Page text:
JUDY WOODRUFF: With the August recess now over, members of Congress scrambled today to prioritize their agenda items. As Capitol Hill correspondent Lisa Desjardins reports, there's a lot to choose from.
LISA DESJARDINS: Their first full day back from summer break, House Democrats wanted to talk guns and gun violence, holding a forum on the issue.
REP. NANCY PELOSI (D-CA): We will fight on every front, in the courts, and in the Congress, and in the court of public opinion, to make sure this issue is too hot to handle for the GOP to block. We're not taking no for an answer.
LISA DESJARDINS: Speaker Pelosi is particularly touting a bill the House already passed to expand background checks to include most private sales. That idea has gained new attention after last month's mass shooting in Odessa, Texas. Officials say seven people were killed by a man who failed a background check, but got a gun later through a private sale, where no background check was required. That violence, along with attacks in El Paso and Dayton, Ohio, led to 40 deaths last month. And all of that is leading Democrats to pressure the Senate to vote on more background checks.
Senate Democratic Leader Chuck Schumer: SEN. CHUCK SCHUMER (D-NY): A debate on gun safety should be our first order of business, and the place to start a debate is a vote on the House-passed bipartisan background checks bill.
LISA DESJARDINS: But in the Senate, one vote matters most, that of Republican Leader Mitch McConnell, who has said, for a gun bill to get a vote, the president must back it first.
SEN. MITCH MCCONNELL (R-KY): We do, in fact, await word from the White House about what the president is willing to sign.
LISA DESJARDINS: This, despite polls showing, nationwide, overwhelming support for increased background checks. An NPR/PBS NewsHour/Marist survey out today shows that 83 percent of Americans support laws requiring background checks for gun show purchases and private sales. This puts enormous pressure on vulnerable Republican senators up for reelection next year, like Susan Collins of Maine.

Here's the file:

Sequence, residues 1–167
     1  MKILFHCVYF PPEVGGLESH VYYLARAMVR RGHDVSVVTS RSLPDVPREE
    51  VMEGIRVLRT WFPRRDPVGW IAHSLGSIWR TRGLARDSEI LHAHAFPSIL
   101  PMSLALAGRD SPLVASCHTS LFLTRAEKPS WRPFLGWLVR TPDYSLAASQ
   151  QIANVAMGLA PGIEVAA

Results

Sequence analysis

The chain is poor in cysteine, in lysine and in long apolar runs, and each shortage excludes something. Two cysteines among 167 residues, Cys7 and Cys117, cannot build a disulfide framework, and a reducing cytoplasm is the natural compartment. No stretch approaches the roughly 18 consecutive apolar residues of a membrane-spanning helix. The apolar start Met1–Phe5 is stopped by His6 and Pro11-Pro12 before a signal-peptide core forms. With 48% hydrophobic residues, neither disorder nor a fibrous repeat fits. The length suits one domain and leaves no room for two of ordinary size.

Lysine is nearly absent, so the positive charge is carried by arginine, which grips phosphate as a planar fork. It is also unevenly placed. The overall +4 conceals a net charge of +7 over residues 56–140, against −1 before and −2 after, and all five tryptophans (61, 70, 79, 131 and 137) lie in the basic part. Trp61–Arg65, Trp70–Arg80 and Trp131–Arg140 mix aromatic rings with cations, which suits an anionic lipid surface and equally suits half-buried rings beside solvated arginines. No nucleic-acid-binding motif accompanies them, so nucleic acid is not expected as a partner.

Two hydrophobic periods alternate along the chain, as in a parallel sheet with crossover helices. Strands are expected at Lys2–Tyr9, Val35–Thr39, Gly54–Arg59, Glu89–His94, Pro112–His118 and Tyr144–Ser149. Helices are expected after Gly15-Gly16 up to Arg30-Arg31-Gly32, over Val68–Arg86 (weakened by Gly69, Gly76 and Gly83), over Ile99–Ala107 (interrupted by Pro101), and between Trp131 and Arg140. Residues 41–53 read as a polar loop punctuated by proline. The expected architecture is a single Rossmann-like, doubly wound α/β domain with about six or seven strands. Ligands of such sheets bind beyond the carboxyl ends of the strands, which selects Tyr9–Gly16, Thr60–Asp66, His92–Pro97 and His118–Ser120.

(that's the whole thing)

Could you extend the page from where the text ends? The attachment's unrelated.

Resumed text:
SEN. SUSAN COLLINS (R-ME): Over the August recess, I had extensive conversations with my colleagues on both sides of the aisle and with the White House, and I'm optimistic that we could reach agreement on a package that would pass the Senate.
LISA DESJARDINS: As senators struggle to vote on anything, House Democrats are voting on more and stepped-up ideas, today moving bills through committee to limit high-capacity magazines and support more red flag laws, allowing law enforcement to take weapons from anyone thought to be dangerous. Some House Democrats also want to return to an all-out ban on assault-style weapons. But with Congress divided, the deciding voice looks like President Trump's. He met with Republican leaders about gun violence today. But he has indicated both an openness and opposition to gun legislation in recent days. Therein lies the challenge, says Democratic Senator Chris Coons of Delaware.
SEN. CHRIS COONS (D-DE): I'm sure he will take a position. The question is, will he hold it? If he does, he will be able to lead us forward to making progress on guns. If he doesn't, I think we will all be once again disappointed at the lack of progress.
LISA DESJARDINS: Democrats are hoping for more gun votes in the House in coming weeks.